#deletedidi;¥4b Loss for Didi Chuxing Marks End?

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In a leaked staff letter issued by Didi chief executive Cheng Wei, it has been revealed that the company has lost as much as ¥4b net in the first half of 2018.

The Financial Times has confirmed the authenticity of the letter with someone close to the contents, allowing for a look into exactly what financial state the company finds itself.

In the first half of 2018, two young Chinese women were murdered by Didi drivers, after which the nation has reserved its chances at risking a ride with the APP, triggering a #deleteDidi campaign online.

Wei wrote that the company is “definitely not an evil company, and definitely not one focused on profits above all else”. Claiming the firm has not turned a profit since its inception 6 years ago. “We will invest our revenues in safety and the [user] experience”, he said.

With a driver shortage, the company faces “very low” profits, as a result of having to tap into its ¥12b reserve while it supports itself not only in China, but also in Brazil and Mexico.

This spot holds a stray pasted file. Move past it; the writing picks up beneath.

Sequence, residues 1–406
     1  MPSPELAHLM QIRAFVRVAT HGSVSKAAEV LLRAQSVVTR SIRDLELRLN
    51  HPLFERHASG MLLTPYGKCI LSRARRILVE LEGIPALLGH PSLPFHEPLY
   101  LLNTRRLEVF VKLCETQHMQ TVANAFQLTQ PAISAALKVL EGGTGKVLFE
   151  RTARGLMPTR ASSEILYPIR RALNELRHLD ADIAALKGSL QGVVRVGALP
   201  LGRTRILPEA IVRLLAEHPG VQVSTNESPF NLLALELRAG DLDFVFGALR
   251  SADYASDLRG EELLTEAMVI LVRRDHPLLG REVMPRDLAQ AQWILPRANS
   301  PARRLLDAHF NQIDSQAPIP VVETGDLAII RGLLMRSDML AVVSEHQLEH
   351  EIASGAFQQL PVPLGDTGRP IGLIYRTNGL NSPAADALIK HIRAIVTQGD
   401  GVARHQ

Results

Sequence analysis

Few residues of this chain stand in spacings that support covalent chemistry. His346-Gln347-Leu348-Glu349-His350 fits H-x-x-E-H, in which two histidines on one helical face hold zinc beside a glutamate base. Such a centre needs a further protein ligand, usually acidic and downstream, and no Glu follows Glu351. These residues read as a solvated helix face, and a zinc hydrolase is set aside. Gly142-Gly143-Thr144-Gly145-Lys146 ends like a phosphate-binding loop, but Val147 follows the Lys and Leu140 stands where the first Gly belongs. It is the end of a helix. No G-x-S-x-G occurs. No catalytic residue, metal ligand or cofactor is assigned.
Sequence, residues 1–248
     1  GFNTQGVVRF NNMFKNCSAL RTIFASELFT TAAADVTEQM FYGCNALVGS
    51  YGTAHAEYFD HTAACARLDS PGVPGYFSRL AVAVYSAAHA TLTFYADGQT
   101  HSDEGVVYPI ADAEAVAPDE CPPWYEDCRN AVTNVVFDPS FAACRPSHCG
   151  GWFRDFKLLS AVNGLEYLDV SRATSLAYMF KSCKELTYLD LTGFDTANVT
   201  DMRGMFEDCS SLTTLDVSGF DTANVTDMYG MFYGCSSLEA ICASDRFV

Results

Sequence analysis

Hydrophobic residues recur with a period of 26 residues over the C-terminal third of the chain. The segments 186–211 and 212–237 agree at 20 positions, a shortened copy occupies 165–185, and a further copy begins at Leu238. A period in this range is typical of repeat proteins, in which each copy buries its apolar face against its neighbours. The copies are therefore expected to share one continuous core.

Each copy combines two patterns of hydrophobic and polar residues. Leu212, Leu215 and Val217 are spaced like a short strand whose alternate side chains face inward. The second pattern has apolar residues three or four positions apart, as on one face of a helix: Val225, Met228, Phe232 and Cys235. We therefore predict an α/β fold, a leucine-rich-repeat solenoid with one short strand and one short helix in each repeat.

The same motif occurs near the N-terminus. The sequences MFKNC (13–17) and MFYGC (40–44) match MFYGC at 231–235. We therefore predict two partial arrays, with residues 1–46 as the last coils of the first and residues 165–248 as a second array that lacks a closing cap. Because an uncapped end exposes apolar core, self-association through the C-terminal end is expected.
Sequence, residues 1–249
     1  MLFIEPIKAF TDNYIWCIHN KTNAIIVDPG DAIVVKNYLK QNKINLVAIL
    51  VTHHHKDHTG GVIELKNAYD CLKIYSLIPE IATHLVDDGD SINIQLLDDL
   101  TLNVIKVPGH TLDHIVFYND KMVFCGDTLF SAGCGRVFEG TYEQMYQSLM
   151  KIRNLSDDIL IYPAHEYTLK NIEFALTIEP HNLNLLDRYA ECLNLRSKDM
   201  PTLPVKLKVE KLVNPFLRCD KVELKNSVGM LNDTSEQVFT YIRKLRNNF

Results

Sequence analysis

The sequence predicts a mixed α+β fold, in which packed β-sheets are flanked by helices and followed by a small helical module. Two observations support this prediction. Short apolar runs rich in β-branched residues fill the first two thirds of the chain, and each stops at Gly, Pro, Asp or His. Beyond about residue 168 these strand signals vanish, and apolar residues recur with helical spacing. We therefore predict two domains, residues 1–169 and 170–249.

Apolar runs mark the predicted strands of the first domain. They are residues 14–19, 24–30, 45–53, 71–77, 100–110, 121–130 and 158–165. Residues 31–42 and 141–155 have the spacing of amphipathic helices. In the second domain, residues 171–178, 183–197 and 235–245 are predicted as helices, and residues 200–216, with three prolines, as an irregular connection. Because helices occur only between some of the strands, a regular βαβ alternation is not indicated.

After the latest death of a Didi passenger, the Chinese government instructed the company to implement strict safety precautions in order to better look after the public. Inspectors from China’s Ministry of Transport have been busy checking in on Chinese ride-hailing companies, beginning with Didi.

The company processes about 2.1 million calls a day, as well as 10,000 emergency calls for help, and screens more than 40,000 drivers a day who have failed to pass its qualification test, said Wei in his letter.

“We have to ask some hard questions: does Didi have core values, are we only a company that focuses on interests and ignores safety and social responsibilities”, Wei continued in the letter. 

“The problem is within ourselves. Our desire for success caused us to forget our mission. The expansion frenzy planted seeds of trouble and our internal system couldn’t keep up with our expansion.”

After Didi successfully kicked its Western counterpart Uber out of China some years ago, it looked set for continued success as the largest ride hailing APP in the country. However, with two heavy blows which have come in the unfortunate form of rape and murder, the company’s future is dangling on a very fine string.

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Renée Gray Beaumont
As an Australian journalist living in Nanjing for many years, Renée Gray Beaumont has a background in research, print and online publishing, taking great pleasure in discovering more about Nanjing with every article. 作为在南京居住多年的澳大利亚新闻工作者,Renee Gray Beaumont 有着调研以及印刷品和线上出版物的工作背景。她总是乐于在每篇文章里发现关于南京的内容。